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Whatever Works / Bruno Campos

Charm and a Big Dream Did the Trick

April 26, 1999|CANDACE A. WEDLAN | TIMES STAFF WRITER

Bruno Campos won an American Latino Media Arts Award this month for his role as Diego on "Jesse" (NBC). Campos, originally from Brazil, began studying acting when he was 14. In 1995, his senior year at Northwestern University, he played one of the lead roles in the B1918990953Goodman Theater in Chicago."

Campos then returned to Brazil, where his parents had retired. "I was there for 4 1/2 months trying to establish myself when 'O Quatrilho' was nominated for an Academy Award for best foreign language film."

Campos attended the Oscars. "I bumped into Anthony Hopkins going down the corridor . . . and he kind of smacked into my shoulder. I can get impetuous and say, 'Hey, watch it pal,' you know, but it's Anthony Hopkins. You almost want to thank him."

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Question: After all that whirlwind, you decided to try Hollywood.

Answer: I'd always wanted to go to Hollywood and all of that experience gave me the courage. Had I known how difficult it was going to be, I probably wouldn't have come.

Q: What happened when you tried to get work out here?

A: I moved to Hollywood in May of '96 and I didn't even have a work permit. I came here as a tourist, thinking that I would get snatched up by an agency and within a couple of months I would be doing rather well, working in movies and things like that. So anyhow, I came--and went. I mean, nobody cared.

Q: I'm sure you were trying to get an agent.

A: Oh, yeah. I met with a whole ton. I must have had maybe 25 meetings with managers and agents and nobody gave a rat's ass.

Q: Nobody cared about you.

A: No, and I'll tell you exactly why. The first two months I was blase and the next five months I was petrified. I had a total of eight months on my visa. I had around $20,000 when I came and that was it, that was my life. By the time I got an agent, I had around $1,500 left because I was renting a car.

Q: How did things finally turn around for you?

A: I was in the last stretch--the last month--and getting desperate, but something happened to me and it was a pretty defining moment.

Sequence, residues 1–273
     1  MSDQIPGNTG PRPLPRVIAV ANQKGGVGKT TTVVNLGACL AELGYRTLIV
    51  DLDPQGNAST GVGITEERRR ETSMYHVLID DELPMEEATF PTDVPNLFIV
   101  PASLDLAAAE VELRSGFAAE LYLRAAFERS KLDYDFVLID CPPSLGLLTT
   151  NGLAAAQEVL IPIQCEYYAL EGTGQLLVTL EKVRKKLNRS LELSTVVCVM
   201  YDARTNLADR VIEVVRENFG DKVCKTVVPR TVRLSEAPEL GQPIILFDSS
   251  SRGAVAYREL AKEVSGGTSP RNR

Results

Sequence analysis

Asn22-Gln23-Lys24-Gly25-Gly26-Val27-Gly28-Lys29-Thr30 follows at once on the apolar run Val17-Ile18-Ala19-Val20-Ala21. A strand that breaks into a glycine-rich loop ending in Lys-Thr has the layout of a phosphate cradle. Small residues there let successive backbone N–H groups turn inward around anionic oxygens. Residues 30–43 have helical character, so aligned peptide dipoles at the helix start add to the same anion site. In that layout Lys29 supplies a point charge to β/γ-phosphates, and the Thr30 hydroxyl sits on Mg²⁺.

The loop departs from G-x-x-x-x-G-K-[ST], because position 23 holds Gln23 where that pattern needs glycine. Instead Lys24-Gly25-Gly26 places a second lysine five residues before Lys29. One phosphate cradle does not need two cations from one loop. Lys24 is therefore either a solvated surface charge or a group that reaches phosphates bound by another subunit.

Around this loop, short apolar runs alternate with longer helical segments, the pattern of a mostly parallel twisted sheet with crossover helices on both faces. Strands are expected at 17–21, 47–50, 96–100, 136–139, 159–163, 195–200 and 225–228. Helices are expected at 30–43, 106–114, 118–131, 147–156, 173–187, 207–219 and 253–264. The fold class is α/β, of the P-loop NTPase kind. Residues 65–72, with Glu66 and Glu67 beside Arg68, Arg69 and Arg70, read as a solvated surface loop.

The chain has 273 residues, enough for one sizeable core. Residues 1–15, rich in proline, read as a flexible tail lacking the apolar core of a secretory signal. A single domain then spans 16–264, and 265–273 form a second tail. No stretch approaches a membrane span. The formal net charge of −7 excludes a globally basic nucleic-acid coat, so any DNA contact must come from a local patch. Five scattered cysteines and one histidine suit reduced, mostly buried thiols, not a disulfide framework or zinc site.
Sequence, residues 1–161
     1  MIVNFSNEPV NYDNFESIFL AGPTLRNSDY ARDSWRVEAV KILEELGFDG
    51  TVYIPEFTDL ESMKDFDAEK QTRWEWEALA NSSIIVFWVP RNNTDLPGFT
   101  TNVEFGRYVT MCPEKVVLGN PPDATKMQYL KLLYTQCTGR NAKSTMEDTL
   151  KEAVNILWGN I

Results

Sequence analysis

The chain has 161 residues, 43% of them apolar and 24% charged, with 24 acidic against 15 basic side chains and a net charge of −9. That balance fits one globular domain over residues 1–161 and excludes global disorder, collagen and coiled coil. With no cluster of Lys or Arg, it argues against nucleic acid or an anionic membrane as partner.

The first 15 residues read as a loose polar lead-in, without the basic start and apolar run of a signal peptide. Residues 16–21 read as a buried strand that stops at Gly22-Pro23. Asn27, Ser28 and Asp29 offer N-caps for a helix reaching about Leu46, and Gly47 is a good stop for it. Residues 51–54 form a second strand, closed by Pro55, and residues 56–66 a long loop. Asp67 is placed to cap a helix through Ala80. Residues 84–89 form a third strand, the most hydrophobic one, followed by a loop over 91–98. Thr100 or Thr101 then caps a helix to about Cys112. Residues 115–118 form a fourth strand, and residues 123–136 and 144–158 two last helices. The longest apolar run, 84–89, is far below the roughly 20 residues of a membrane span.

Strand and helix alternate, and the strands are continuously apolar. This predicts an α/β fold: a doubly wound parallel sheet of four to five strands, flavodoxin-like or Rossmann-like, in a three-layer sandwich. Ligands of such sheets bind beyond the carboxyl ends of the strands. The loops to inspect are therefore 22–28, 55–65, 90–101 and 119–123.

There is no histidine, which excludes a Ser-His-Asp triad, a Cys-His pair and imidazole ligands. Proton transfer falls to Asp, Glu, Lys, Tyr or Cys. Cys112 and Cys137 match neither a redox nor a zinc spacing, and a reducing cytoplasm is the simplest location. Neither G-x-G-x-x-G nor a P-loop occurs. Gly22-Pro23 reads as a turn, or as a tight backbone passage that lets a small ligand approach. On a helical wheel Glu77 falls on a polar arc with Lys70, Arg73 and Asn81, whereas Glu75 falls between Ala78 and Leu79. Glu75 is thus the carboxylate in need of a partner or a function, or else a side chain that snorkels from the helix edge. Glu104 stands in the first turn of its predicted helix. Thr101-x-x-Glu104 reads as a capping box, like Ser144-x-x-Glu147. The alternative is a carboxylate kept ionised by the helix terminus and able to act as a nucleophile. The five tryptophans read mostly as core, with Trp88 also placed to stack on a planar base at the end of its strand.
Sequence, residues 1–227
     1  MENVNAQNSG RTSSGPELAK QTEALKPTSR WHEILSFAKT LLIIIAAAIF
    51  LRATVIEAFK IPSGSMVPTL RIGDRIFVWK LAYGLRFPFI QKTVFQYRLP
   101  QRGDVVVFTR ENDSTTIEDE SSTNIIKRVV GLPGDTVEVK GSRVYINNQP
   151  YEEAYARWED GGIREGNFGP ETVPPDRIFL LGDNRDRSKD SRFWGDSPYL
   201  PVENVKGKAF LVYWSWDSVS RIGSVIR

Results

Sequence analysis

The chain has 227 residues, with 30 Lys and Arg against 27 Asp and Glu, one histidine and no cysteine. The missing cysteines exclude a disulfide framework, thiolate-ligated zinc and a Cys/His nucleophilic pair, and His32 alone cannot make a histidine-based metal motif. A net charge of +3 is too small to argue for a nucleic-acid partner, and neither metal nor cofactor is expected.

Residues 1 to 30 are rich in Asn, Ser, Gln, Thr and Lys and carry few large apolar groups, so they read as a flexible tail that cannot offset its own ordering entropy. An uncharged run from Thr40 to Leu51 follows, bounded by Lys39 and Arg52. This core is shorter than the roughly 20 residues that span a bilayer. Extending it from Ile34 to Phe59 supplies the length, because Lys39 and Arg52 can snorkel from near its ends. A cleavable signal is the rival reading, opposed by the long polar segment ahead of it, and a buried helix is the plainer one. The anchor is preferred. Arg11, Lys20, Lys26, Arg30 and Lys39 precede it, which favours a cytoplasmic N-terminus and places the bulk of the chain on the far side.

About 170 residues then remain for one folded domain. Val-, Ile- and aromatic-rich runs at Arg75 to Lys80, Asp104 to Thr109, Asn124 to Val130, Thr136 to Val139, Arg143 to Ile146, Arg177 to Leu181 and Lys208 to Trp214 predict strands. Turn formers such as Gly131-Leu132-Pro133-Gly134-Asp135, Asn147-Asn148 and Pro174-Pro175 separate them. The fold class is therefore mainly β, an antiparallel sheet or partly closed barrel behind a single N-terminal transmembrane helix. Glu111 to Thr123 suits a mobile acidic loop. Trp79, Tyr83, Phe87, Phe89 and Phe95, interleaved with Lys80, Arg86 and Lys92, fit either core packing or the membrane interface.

I couldn't sleep regularly because I was watching my dream about to die. One morning I woke up at 4:30 in this little tiny place that I was renting in the Valley and I got really angry. I started running around the block. I said, "I didn't come for this, to not only spend my entire life savings, but to return with my head low and watch my spirit be amputated. Why am I letting this happen?" I got really focused and tried to turn that anger into a positive.

Q: Is that when you got an agent?

A: I went into an agency and said, "I have 3 1/2 weeks left." She started giving me excuses. I said, "You have a lot less to lose here than I do. This is my whole dream. So I can promise you that I'm going to fight with everything I've got. Give me a shot. What h1635149088my whole life." Or what I considered at that time my whole life. So, she was impressed, I guess.

Q: After you landed an agent, you met with Warner Bros.?

A: I was able to convince the [former] president of Warner Bros. Studios to give me a studio deal for one year. When I got a meeting with him, after five or six meetings with other people, I told him, "Look, you wouldn't have taken this meeting if you didn't want to say yes to me because otherwise you'd waste your time." That was my philosophy. 572673401"You refuse to leave the country?" and I said, "No, sir, I refuse to leave your office."

Q: He didn't call security?

A: No. I was very charming throughout. I wasn't hostile. I was rather exuberant. I was gutsy and gunslinger-ish. So that happened and they gave me a one-year contract, and two years later, here I am on "Jesse."

Q: Let's talk about your job.

A: I've just been doing the show the whole year and I don't have any other projects to talk about. Most people don't really know who I am yet on a personal level. I'm basically telling you all I got and I don't have that much living. I only have the 25 years.

Q: Is anybody a pain to work with on the show? Only kidding.

A: Yeah, right. That would make your day, wouldn't it? Are you interested in talking about the Latin aspects of the character at all? I haven't had a lot of people write about that, but a lot of people ask. There's not a lot of Latin guys on television, not a lot of Latin leading men and certainly not a lot of Latin funny leading men.

Q: Funny and he gives a sense of hope and trust.

A: Yeah. He's direct. He doesn't hide. I discovered a few years ago that whole concept of trust and faith more than ever before, and I try to lead my professional life that way because it's more satisfying and, I think, more successful. I try to lead my personal life that way too. So I try to bring that to Diego. He was set up to do that in the first place. I didn't make it up.

Q: Do you like him--Diego?

A: No. I love him. In college I once played this tortured, self-loathing, abusive, violent man. You do put yourself in the action and, even though you're pretending, you're still kind of acting out and it was very hard to do. I mean, I felt like I had thrown up ever2032168553reat guy to walk home from at the end of the night.

Whatever Works runs every Monday. Send e-mail to socalliving@latimes.com.

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